Susan Jones, CNS News, May 27, 2015
The Obama Justice Department intends to “transform” the Cleveland police department “into a model of community-oriented policing,” by restricting officers’ use of force to subdue suspects.
The consent decree announced on Tuesday requires Cleveland police to use “de-escalation techniques” instead of force “whenever possible and appropriate.”
And who’s to decide what’s “appropriate”? A civilian, someone with no experience in subduing dangerous suspects, will be placed at the head of the police department’s Internal Affairs division to ensure that complaints of police misconduct are “thoroughly and effectively investigated.”
In a section called “Bias-Free Policing,” the agreement says Cleveland police will “deliver police services” in a “respectful” manner, free of unlawful bias, in a way that inspires confidence: “CDP expects all officers to treat all members of the Cleveland community with courtesy, professionalism, and respect, and not to use harassing, intimidating, or derogatory language.”
Another key element of the agreement–a favorite of the federal government–is “data collection and analysis.” This means the police department must keep detailed notes on officers’ activities when they respond to calls involving the use of force–including whether they have unholstered a firearm during an encounter with someone.
According to the consent agreement, the new rules are intended to ensure that officers “use techniques other than force to effect compliance with police orders whenever feasible; use force only when necessary, and in a manner that avoids unnecessary injury to officers and civilians; de-escalate the use of force at the earliest possible moment; and accurately and completely report all uses of force.”
Much of the agreement involves use-of-force policies. Here are some of the new guidelines issued to officers who sometimes must make split-second decisions in potentially life-threatening situations. The words come straight from the consent decree, except where noted.
— Officers will use de-escalation techniques whenever possible and appropriate, before resorting to force and to reduce the need for force. De-escalation techniques may include verbal persuasion and warnings and tactical deescalation techniques, such as slowing down the pace or an incident, waiting out subjects, creating distance (and thus the reactionary gap) between the officer and the threat, and requesting additional resources (e.g. specialized CIT officers or negotiators).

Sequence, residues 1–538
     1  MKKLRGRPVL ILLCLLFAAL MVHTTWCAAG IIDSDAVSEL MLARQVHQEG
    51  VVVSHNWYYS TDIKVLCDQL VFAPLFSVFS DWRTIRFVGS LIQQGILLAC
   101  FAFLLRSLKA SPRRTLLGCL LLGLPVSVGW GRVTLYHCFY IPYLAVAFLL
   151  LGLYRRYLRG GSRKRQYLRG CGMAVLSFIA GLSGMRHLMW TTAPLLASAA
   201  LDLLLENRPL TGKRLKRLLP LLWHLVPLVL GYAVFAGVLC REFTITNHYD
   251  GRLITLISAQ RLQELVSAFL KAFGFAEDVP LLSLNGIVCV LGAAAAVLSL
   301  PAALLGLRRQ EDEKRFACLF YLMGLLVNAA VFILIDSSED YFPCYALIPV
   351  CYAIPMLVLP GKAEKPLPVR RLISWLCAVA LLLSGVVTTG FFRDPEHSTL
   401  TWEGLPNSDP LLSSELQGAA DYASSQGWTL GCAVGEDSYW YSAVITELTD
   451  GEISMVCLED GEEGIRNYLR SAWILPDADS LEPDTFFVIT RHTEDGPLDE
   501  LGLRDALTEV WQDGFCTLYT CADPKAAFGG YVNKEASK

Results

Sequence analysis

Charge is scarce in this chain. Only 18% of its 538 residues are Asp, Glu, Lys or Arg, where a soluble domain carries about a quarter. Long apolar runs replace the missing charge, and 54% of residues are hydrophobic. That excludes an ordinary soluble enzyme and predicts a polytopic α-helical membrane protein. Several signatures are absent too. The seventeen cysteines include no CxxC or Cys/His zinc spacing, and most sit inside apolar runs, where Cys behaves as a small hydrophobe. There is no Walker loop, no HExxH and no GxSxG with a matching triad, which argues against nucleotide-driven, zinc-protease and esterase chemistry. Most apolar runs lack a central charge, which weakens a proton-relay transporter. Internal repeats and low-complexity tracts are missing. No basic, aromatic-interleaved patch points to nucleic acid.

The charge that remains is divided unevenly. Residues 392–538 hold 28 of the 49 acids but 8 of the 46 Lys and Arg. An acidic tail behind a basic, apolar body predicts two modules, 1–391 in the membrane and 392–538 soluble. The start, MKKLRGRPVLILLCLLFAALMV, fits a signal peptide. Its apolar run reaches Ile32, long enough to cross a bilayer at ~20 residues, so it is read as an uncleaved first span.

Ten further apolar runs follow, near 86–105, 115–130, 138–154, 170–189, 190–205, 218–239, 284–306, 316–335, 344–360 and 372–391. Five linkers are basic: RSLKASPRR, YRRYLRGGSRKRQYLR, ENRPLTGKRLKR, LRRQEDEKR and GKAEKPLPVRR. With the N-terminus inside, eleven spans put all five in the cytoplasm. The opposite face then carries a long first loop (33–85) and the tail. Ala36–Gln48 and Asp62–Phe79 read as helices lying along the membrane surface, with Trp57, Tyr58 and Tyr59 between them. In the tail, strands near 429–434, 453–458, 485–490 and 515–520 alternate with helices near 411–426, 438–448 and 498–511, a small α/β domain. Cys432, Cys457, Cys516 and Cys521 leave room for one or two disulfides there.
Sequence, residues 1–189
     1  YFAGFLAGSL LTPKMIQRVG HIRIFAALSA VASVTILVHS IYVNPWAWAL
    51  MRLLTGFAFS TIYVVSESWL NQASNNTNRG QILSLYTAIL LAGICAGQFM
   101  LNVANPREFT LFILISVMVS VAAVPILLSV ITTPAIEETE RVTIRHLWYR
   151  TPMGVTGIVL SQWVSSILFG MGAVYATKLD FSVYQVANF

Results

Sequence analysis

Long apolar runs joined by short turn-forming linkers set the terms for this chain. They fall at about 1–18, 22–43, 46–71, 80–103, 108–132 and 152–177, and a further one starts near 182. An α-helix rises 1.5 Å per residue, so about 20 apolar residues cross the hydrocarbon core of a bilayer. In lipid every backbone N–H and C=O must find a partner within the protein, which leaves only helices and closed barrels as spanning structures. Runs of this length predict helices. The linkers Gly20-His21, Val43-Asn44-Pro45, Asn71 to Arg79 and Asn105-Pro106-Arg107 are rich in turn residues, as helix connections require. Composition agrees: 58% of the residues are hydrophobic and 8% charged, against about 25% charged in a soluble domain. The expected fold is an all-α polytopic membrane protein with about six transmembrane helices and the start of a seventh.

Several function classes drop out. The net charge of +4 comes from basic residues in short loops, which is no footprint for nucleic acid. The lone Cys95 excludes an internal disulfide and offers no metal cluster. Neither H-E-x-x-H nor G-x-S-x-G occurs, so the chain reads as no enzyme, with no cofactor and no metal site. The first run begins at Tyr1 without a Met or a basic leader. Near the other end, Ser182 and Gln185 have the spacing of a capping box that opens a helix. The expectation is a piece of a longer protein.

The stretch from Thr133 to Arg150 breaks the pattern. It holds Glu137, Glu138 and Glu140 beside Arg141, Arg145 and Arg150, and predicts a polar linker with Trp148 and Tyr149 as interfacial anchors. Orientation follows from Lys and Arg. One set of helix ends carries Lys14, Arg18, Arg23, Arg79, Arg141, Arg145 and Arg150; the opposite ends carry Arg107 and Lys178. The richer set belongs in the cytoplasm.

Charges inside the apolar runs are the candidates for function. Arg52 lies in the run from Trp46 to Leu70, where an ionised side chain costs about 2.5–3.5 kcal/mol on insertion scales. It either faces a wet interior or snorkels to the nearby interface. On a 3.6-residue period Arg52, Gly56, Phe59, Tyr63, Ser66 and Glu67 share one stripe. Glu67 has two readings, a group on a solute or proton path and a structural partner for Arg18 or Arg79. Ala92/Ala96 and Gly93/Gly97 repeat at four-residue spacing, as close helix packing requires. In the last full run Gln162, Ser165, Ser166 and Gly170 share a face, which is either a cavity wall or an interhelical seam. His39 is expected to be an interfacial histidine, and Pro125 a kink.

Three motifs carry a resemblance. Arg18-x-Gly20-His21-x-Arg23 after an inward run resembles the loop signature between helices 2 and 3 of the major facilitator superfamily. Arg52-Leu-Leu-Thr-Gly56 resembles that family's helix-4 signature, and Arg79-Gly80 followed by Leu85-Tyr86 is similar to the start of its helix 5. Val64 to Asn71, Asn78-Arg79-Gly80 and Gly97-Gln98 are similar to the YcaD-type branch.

— Officers will be trained to consider the possibility that a subject may be noncompliant due to a medical or mental condition, physical or hearing impairment, language barrier, drug interaction, or emotional crisis;
— Officers will not use head strikes with hard objects, except where lethal force is justified. Officers will be trained that a strike to the head with any impact weapon could result in death;
— Officers will not use neck holds;
— Immediately following a use or force, officers and, upon arrival, a supervisor, will inspect and observe subjects for injury or complaints of pain resulting from the use of force, and immediately obtain any necessary medical care. As necessary, officers will provide emergency first aid until professional medical care providers are on scene.
— As soon as practical following a use of force, CDP will ensure that the incident is accurately and properly reported, documented, and investigated. A fundamental goal of the revised use of force policy will be to account for, review, and investigate every reportable use of force and reduce any improper uses of force.
Vanita Gupta, head of DOJ’s Civil Rights Division, announced the “court enforceable agreement” on Tuesday, following the Justice Department’s finding that Cleveland Police engaged in a “pattern or practice” of using excessive force. She said the agreement will build a “safer, more just city.”